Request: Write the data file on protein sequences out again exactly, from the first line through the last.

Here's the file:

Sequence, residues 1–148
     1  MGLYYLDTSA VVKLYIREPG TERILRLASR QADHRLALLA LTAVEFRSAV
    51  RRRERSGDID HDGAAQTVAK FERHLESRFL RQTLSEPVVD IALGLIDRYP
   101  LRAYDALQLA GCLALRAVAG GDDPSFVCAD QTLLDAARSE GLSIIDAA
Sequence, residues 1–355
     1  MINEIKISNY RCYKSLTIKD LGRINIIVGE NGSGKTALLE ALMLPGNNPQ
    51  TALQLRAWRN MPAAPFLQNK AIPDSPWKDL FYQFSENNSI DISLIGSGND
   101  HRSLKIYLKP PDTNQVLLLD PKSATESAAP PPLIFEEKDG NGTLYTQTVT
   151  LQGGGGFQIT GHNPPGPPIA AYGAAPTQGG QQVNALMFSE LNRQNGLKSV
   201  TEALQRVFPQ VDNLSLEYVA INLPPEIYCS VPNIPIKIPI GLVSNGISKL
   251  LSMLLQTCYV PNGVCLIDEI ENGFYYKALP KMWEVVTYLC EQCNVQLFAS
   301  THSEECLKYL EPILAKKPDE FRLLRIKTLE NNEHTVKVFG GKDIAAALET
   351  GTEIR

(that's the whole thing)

Sequence, residues 1–148
     1  MGLYYLDTSA VVKLYIREPG TERILRLASR QADHRLALLA LTAVEFRSAV
    51  RRRERSGDID HDGAAQTVAK FERHLESRFL RQTLSEPVVD IALGLIDRYP
   101  LRAYDALQLA GCLALRAVAG GDDPSFVCAD QTLLDAARSE GLSIIDAA
Sequence, residues 1–355
     1  MINEIKISNY RCYKSLTIKD LGRINIIVGE NGSGKTALLE ALMLPGNNPQ
    51  TALQLRAWRN MPAAPFLQNK AIPDSPWKDL FYQFSENNSI DISLIGSGND
   101  HRSLKIYLKP PDTNQVLLLD PKSATESAAP PPLIFEEKDG NGTLYTQTVT
   151  LQGGGGFQIT GHNPPGPPIA AYGAAPTQGG QQVNALMFSE LNRQNGLKSV
   201  TEALQRVFPQ VDNLSLEYVA INLPPEIYCS VPNIPIKIPI GLVSNGISKL
   251  LSMLLQTCYV PNGVCLIDEI ENGFYYKALP KMWEVVTYLC EQCNVQLFAS
   301  THSEECLKYL EPILAKKPDE FRLLRIKTLE NNEHTVKVFG GKDIAAALET
   351  GTEIR